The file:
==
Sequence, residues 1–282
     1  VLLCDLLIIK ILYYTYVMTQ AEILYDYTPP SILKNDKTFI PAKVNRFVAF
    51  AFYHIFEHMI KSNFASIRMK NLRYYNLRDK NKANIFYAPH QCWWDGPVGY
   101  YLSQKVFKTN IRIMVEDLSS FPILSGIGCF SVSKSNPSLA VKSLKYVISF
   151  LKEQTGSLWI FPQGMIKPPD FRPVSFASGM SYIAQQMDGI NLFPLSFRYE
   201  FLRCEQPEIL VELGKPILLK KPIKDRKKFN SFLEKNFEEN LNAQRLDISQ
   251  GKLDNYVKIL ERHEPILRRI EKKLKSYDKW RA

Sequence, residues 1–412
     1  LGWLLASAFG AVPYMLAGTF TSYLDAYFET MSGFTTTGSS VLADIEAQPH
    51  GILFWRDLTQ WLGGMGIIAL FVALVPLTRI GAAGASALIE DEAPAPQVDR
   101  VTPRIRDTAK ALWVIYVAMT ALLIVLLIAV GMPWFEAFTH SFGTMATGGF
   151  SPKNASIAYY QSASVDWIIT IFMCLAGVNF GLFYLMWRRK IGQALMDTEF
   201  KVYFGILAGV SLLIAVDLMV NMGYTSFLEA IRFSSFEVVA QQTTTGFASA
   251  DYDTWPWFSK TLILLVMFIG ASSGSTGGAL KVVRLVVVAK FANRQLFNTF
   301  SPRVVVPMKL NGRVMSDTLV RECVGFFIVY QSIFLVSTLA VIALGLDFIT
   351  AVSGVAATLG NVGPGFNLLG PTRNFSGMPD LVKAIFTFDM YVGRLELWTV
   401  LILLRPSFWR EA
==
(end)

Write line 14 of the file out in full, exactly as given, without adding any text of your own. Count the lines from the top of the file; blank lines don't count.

   251  DYDTWPWFSK TLILLVMFIG ASSGSTGGAL KVVRLVVVAK FANRQLFNTF